Italian songs, art history, interesting articles and Italian language lessons are just a few of the many things you can find at http://www.adgblog.it/, the official Blog of Accademia del Giglio. Located in beautiful Florence, Italy, the Academia is a private school offering Italian language courses and art classes. Browse their blog to find lots of interesting articles to read in Italian and in other languages. To find out more about the school, visit their website at http://www.adg.it/index.html

Italian christmas traditionsGet to know what kind of traditions Italians celebrate in the month of December and learn a few new words in Italian.

On December 1st, Italian children start a brand new Advent Calendar (Calendario dell’Avvento). This is a one page calendar with 24 little windows. The children open one window each day, starting on December 1st. Behind each window there is an image, a word or a little gift for the child. The calendar is meant as a countdown to Christmas Day, so children can visualize how many days are left till Christmas. Children love it, especially little ones who have a hard time understanding the concept of time.

In the city of Milan and nearby areas, December 7th is the Day of St. Ambrose (Sant’Ambrogio), patron saint of of the city of Milan.

On December 8th people celebrate the Immaculate Conception (Immacolata Concezione). It is a national holiday (festa nazionale) and children don’t go to school.

December 13 is St. Lucy’s Day (il giorno di Santa Lucia). St Lucia was a martyr and one of the most illustrious figures in the Christian world. Before the introduction of the Gregorian calendar St. Lucia’s Day fell on the winter solstice. St. Lucia is the patron saint of the city of Syracuse (Sicily), where she was born. The feast of St. Lucy is also celebrated in some parts of North-Eastern Italy where she is said to bring gifts to good children and coal to bad ones the night between December 12 and 13.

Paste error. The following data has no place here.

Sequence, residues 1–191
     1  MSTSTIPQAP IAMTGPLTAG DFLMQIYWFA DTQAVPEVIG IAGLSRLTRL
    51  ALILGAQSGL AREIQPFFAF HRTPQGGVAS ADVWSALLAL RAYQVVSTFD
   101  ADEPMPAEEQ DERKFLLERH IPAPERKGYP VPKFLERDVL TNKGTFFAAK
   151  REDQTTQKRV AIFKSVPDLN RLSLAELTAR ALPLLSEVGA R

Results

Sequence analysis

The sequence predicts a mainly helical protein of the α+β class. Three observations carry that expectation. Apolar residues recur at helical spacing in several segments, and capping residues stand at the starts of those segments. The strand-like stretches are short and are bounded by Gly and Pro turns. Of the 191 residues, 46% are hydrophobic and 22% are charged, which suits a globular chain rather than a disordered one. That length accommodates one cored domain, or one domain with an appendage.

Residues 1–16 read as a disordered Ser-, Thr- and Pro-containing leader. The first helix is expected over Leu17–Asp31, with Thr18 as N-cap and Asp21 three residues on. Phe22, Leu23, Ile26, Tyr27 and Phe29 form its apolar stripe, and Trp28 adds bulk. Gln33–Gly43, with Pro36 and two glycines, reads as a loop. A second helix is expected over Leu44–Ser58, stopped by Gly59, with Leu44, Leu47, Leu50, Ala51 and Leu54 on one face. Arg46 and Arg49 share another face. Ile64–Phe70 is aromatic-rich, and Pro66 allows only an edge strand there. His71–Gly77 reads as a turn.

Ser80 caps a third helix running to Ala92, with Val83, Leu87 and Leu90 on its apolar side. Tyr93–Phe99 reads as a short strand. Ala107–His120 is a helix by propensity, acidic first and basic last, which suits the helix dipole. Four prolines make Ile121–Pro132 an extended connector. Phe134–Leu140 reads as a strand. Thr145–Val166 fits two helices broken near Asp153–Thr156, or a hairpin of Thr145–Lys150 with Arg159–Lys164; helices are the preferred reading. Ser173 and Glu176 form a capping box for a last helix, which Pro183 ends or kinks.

December 24th is Christmas Eve (Vigilia di Natale), a day of celebrations commemorating the arrival of baby Jesus. People gather for a dinner feast and then go to Mass just before midnight. During the night between December 24th and 25th, Santa Claus/Father Christmas (Babbo Natale) will bring gifts to the children. Adults, too, exchange gifts as the ancient Romans used to do over 2000 years ago, to celebrate the winter solstice.

December 25th is Christmas Day (Giorno di Natale) and big celebrations are in order. Italian families gather for a traditional lunch and relatives and friends visit each other to exchange holiday wishes and gifts.

December 26th is also a national holiday in Italy. It is St. Stephen’s Day (Giorno di Santo Stefano), the first Christian martyr.

December 31st is not a national holiday, but it is nevertheless a day of great celebrations since it marks the end of the year. New Year’s Eve (Capodanno) is celebrated with a dinner feast and fireworks at midnight.

Italian FestaStudying isn’t always exciting, but going to a party is usually a fun thing to do.

Now you can study (or at least practice) your Italian by going to a party-like event like an Italian Festival.

Summer and Fall are great times for festivals and many towns have and Italian Festa going on sometime during the year.

Here are a few Italian Festivals for the second weekend of August:

To find an Italian Festa near you, check the NIAF website.

Buon divertimento!

If you live in the Washington DC area and are looking for Italian associations, language schools or places where you can meet Italians or Italian speaking people, the following links can help you in your search:

 

Did you know that just an hour a week of foreign language gives an important grounding in the language which allows leads to conversation?

If you like the idea of your children learning Italian, you will be happy to know that the Italian Cultural Society of Sacramento brings Italian language to the many children who do not have Italian offered in their school.

The Italian Cultural Society offers year round language programs with small teacher to student ratio. These fun-filled programs are designed to let children explore Italy, its rich culture, food, art and language in a fun setting.

To learn more, visit their website: http://www.italiancenter.net/